Marasmus in a 17-month-old Laotian: Impact of folk beliefs on health

C. N. Oberg, A. Deinard

Research output: Contribution to journalArticlepeer-review

1 Scopus citations


The recent influx of Southeast Asians from Laos, Viet Nam, Cambodia, and Thailand into the United States has introduced a variety of foreign cultures into Western society. At times these cultures and folk beliefs clash with those of Western society. These beliefs frequently have ramifications on the health of individuals and implications for accommodation requirements for our health care system. Laos is comprised of a variety of ethnic groups including the Lao, Tai, Hmong, and Ka tribes. Each ethnic group has its own endogenous beliefs, but a belief in spirits or phi is evident in each. The following account is that of a Lao family, whose ethnic group accouts for 50% of the Laos population and 20% of the immigrants in the Twin Cities metropolitan area. Further references to religious and/or folk beliefs will reflect those of this Lao ethnic group.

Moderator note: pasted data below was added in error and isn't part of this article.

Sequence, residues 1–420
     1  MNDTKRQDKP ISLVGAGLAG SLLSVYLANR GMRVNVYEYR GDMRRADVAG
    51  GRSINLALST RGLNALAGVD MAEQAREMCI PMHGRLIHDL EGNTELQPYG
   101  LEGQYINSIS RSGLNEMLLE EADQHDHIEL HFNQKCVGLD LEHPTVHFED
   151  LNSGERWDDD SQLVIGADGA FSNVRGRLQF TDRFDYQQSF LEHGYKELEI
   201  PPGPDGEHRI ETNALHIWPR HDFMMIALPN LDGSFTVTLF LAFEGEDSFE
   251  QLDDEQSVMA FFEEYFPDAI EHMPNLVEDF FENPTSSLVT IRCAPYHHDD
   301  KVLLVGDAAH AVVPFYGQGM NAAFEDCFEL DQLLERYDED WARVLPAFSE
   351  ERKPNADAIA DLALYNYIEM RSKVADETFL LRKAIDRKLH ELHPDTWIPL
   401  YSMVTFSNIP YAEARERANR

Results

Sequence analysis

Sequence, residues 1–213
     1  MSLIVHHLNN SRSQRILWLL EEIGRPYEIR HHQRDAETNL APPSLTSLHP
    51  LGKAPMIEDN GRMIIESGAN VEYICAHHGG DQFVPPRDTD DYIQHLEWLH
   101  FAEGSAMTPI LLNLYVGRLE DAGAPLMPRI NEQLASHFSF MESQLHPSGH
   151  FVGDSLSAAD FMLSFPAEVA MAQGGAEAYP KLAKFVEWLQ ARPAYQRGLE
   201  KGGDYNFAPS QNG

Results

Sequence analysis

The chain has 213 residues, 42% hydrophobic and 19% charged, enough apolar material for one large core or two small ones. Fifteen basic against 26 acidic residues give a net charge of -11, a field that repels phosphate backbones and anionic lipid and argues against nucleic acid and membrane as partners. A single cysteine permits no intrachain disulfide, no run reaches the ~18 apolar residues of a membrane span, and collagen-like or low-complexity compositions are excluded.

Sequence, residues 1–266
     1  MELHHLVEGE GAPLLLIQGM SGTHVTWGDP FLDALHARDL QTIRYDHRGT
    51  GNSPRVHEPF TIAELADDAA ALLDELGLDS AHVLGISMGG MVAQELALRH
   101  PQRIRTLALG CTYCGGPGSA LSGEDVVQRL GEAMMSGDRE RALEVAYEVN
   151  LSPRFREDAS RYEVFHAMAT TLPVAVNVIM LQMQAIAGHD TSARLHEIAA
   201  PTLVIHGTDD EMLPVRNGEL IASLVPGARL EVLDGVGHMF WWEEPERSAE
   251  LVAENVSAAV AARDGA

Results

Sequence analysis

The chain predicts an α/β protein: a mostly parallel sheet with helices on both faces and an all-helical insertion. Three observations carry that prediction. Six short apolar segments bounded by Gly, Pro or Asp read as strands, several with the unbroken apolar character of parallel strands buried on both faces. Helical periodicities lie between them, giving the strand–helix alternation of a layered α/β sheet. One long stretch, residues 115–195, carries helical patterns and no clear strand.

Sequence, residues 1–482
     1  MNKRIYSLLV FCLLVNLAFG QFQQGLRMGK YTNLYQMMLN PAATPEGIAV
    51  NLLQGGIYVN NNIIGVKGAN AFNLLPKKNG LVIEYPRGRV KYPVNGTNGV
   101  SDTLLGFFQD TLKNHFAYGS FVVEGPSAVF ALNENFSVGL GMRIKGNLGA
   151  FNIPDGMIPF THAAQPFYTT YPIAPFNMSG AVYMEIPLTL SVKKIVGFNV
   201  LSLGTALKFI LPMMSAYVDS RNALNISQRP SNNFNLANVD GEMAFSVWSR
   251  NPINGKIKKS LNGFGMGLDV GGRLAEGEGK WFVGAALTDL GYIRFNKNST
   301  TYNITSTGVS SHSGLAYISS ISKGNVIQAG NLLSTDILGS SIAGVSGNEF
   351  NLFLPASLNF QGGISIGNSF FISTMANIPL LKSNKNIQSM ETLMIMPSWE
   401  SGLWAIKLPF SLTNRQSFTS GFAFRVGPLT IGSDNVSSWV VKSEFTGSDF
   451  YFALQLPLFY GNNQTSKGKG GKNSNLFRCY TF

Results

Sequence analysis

Original languageEnglish (US)
Pages (from-to)254-257
Number of pages4
Issue number2
StatePublished - 1984


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